• A full electronic version of the student textbook
Helene Scheff,Marty Sprague,Susan McGreevy-Nichols

Experiencing Dance 2nd Edition PDF With Web Resources

$62.95 CAD

Experiencing Dance: From Student to Dance Artist, Second Edition, takes off where its previous edition—a best-selling high school text for students enrolled in dance classes—left off. Geared to students in dance II, III, and IV classes, this text places teachers in the role of facilitator and opens up a world of creativity and analytical thinking as students explore the art of dance.

Through Experiencing Dance, students will be able to do the following:

• Encounter dance through creating, performing, responding to, analyzing, connecting with, and understanding dance through its 45-plus lessons.

• Experience dance as performers, choreographers, and audience members.

• Learn about dance in historical and cultural contexts, in community settings, and as career options.

• Go through a complete and flexible high school curriculum that can be presented in one or more years of instruction.

• Meet state and national standards in dance education and learn from a pedagogically sound scope and sequence that allow them to address 21st-century learning goals.

• Use Spotlight and Did You Know? special elements that will enhance the learning experience and connect studio learning to the real world of dance.

Experiencing Dance will help students engage in movement experiences as they learn and apply dance concepts through written, oral, and media assignments. These assignments help them gain a perspective of dance as an art form and provide the content for students to develop interactive dance portfolios.

The text contains 15 chapters in five units. Each chapter offers at least three lessons, each containing the following material:

• Move It! introduces students, through a movement experience, to a lesson concept.

• Vocabulary provides definitions of key terms.

• Curtain Up offers background information to help students understand lesson topics and concepts.

• Take the Stage presents dance-related assignments for students to produce and share.

• Take a Bow engages students in response, evaluation, and revision activities to process their work and concepts presented in the chapter.

Each lesson includes Spotlight and Did You Know? special elements that help students extend their learning and deepen their understanding of historical and cultural facts and prominent dancers, dance companies, and professionals in careers related to dance.

Each chapter includes a chapter review quiz. Quizzes incorporate true-or-false, short-answer, and matching answer questions. Finally, each chapter ends with a capstone assignment.

Students will delve into major topics such as these:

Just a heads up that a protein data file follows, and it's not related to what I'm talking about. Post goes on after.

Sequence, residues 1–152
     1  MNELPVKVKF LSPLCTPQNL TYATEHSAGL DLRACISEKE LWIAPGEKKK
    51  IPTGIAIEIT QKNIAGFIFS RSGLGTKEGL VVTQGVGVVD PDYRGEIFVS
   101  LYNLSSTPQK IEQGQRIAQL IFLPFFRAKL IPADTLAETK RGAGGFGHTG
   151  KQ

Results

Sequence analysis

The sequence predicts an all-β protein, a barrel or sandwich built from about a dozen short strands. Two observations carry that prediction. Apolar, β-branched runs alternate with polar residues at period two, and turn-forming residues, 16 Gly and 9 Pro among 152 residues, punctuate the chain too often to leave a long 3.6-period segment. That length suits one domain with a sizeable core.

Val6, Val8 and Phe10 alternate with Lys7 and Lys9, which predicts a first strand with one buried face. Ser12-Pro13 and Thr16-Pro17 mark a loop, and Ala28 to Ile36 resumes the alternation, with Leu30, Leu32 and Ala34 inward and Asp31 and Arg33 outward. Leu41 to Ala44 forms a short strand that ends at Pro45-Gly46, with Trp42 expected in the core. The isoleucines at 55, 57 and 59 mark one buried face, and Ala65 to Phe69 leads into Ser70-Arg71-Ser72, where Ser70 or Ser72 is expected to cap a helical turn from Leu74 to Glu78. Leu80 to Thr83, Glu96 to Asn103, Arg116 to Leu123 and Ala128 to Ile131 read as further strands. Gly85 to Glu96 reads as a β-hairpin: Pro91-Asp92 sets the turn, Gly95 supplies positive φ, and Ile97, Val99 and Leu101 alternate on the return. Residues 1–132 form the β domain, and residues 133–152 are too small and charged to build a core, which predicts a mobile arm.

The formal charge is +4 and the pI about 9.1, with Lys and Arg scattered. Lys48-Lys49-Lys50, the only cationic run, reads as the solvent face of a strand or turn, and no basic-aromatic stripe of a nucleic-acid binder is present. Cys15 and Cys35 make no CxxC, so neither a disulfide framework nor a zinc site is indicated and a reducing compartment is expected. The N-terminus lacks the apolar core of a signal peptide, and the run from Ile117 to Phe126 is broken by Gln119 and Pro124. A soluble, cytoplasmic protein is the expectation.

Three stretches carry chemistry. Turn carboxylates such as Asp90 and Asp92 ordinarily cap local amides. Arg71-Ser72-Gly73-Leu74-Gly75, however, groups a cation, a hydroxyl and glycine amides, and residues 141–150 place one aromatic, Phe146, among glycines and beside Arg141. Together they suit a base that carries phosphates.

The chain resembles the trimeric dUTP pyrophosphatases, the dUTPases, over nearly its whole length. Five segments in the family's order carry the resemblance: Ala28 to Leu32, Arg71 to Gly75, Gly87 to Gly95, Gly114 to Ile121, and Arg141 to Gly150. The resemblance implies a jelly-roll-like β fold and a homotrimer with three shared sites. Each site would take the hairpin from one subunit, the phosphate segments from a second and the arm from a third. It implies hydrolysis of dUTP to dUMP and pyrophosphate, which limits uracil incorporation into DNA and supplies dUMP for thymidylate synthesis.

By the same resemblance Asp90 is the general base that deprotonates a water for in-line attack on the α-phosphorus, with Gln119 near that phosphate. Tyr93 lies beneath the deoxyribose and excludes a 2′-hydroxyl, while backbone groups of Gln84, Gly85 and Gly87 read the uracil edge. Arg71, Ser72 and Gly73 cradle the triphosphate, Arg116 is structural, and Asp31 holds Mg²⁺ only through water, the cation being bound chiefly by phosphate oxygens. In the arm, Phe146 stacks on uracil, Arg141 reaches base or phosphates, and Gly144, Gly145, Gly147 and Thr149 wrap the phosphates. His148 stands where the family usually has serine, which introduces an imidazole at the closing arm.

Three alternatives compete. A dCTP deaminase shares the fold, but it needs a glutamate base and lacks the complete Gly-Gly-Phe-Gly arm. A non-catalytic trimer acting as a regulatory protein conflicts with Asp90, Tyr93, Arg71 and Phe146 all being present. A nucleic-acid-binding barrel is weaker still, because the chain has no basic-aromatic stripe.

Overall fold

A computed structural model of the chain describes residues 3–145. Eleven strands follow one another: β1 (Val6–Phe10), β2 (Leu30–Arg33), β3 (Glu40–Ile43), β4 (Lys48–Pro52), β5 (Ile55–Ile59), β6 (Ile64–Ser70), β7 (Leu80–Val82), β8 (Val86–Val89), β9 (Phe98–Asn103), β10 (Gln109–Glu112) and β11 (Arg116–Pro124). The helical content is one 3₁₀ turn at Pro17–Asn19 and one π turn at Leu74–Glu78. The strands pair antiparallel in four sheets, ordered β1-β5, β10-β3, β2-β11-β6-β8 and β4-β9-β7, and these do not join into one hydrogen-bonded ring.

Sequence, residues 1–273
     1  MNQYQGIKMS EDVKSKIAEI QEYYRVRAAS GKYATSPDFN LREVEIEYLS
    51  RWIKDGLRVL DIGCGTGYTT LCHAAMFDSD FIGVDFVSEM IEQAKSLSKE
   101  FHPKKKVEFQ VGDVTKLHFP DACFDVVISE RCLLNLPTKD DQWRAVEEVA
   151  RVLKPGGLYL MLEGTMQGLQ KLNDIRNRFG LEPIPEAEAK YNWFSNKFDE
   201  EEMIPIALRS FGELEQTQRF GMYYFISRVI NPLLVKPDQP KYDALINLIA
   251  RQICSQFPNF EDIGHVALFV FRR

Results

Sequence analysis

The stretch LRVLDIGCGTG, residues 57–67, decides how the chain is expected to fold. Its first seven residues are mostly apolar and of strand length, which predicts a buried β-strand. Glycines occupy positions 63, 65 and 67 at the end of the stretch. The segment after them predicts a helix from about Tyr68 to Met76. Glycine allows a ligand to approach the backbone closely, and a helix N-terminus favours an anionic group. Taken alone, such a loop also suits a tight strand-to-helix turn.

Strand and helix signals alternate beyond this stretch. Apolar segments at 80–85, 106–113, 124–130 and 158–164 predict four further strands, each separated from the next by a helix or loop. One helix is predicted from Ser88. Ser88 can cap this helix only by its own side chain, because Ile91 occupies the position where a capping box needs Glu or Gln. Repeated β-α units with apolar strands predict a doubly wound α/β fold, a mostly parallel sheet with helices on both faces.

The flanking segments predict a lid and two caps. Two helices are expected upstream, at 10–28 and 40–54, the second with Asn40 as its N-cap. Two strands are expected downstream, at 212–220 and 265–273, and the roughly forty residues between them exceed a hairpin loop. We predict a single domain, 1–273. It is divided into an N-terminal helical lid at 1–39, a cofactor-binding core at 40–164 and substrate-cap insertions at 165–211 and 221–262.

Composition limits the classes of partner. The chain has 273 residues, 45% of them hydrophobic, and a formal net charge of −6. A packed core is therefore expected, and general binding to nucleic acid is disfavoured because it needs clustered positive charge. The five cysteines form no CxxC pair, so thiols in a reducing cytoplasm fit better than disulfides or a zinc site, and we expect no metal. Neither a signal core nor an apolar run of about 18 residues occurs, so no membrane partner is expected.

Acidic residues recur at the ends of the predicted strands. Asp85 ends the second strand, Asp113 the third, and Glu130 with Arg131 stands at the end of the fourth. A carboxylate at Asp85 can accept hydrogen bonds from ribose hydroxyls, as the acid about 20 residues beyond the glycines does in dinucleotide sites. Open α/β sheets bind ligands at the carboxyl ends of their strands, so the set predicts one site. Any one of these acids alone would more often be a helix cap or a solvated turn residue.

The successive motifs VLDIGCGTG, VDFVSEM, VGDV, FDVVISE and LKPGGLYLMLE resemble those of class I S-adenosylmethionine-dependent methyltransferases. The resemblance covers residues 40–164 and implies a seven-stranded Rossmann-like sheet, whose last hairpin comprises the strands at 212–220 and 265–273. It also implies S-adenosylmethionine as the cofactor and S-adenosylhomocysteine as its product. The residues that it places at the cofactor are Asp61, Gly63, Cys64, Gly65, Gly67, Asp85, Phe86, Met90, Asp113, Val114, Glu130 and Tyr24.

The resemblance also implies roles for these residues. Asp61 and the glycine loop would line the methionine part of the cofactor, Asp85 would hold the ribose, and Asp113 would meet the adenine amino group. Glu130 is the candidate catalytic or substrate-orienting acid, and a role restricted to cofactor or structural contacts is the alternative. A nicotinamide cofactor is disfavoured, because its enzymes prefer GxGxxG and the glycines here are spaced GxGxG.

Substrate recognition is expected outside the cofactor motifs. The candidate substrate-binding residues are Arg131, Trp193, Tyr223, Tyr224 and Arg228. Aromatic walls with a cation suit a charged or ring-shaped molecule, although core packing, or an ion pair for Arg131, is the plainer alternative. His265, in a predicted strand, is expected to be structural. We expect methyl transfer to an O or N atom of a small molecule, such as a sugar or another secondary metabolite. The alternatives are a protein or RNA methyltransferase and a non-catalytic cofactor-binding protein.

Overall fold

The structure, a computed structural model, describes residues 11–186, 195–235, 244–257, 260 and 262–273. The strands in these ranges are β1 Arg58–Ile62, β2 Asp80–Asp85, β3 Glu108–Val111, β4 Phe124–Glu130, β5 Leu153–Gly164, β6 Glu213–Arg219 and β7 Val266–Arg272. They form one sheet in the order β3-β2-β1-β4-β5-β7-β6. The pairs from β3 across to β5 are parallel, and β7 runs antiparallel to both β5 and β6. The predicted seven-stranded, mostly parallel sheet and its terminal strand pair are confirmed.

• Identifying your movement potential as a dancer

• Understanding dance science and its application through studying basic anatomy and injury prevention in relation to dance training

• Developing proper warm-ups and cool-downs and integrating fitness principles and nutrition information into healthy dancing practices

• Expressing through various dance styles and forms the roles of the dancer, the historical and cultural heritage of the dance, and the dance’s connections to community and society

• Developing and performing dance studies and choreography in a variety of styles and forms and then producing the dance using production elements for a variety of settings

• Preparing for a future as a dancer, choreographer, or a career that is otherwise connected to dance

• Advocating for dance in your community and beyond

The text is bolstered by web resources for both students and teachers. These resources enhance the students’ learning experience while enabling teachers to prepare for, conduct, and manage their classes.

The student web resource contains these features:

• Journaling prompts

• Extended learning activities

• Web search suggestions for further research

• Worksheets and assignments to either print out or complete online (via editable Word files)

• Interactive chapter review quizzes (these are completed online and students get immediate feedback)

• Video clips

• Vocabulary terms with and without definitions to aid in self-quizzing and review

The teacher web resource contains everything that is on the student web resource, plus the following:

• A printable full-color poster for the classroom

• PowerPoint presentations for each chapter

• Answer keys for worksheets and quizzes

• A full electronic version of the student textbook

In addition, Experiencing Dance is available in both print and interactive iBook versions. The iBook version has embedded chapter-opening and instructional video clips as well as interactive quizzes (in which students immediately receive feedback on their answers).

This updated text, with its solid instruction and comprehensive lessons, new resources, and extended learning experiences, will help students at levels II, III, and IV increase their understanding of, expertise in, and enjoyment of dance.

Unit I. Recognizing Your Movement Potential

Chapter 1. Surveying Your Body at Work

Lesson 1.1 Stand on Your Own Two Feet

Lesson 1.2 Body Mechanics: Matching Movement to Muscles and Bones

Lesson 1.3 Dancing at the Joint

Lesson 1.4 Personal Physical Survey

Chapter 2. Warming Up and Cooling Down

Lesson 2.1 Your Personal Warm-Up

Lesson 2.2 Dance Class Basics

Lesson 2.3 Stretch What You Strengthen and Cool Down

Chapter 3. Choosing a Dance Form That Suits You

Lesson 3.1 Determine Your Movement Preferences

Lesson 3.2 Recognize Your Physical Traits and Abilities

Lesson 3.3 Connect Your Physical Traits and Abilities With Movement Preferences

Chapter 4. Learning More Than Steps

Lesson 4.1 Develop Thinking Skills Through the Study of Dance

Lesson 4.2 Apply Dance Learning Strategies to Other Life Situations

Lesson 4.3 Explore Careers Beyond Performing

Unit II. Becoming a Dancer

Chapter 5. Diversifying Your Dance Training

Lesson 5.1 Apply Basic Techniques to All Dance Forms

Lesson 5.2 Experience Different Styles of Dance

Lesson 5.3 Hone Your Rehearsal and Performing Strategies

Chapter 6. Improving Your Skills

Lesson 6.1 Find Classes and Teachers That Meet Your Needs

Lesson 6.2 Share Your Knowledge

Lesson 6.3 Practice Makes Permanent

Unit III. Making Connections Through Dance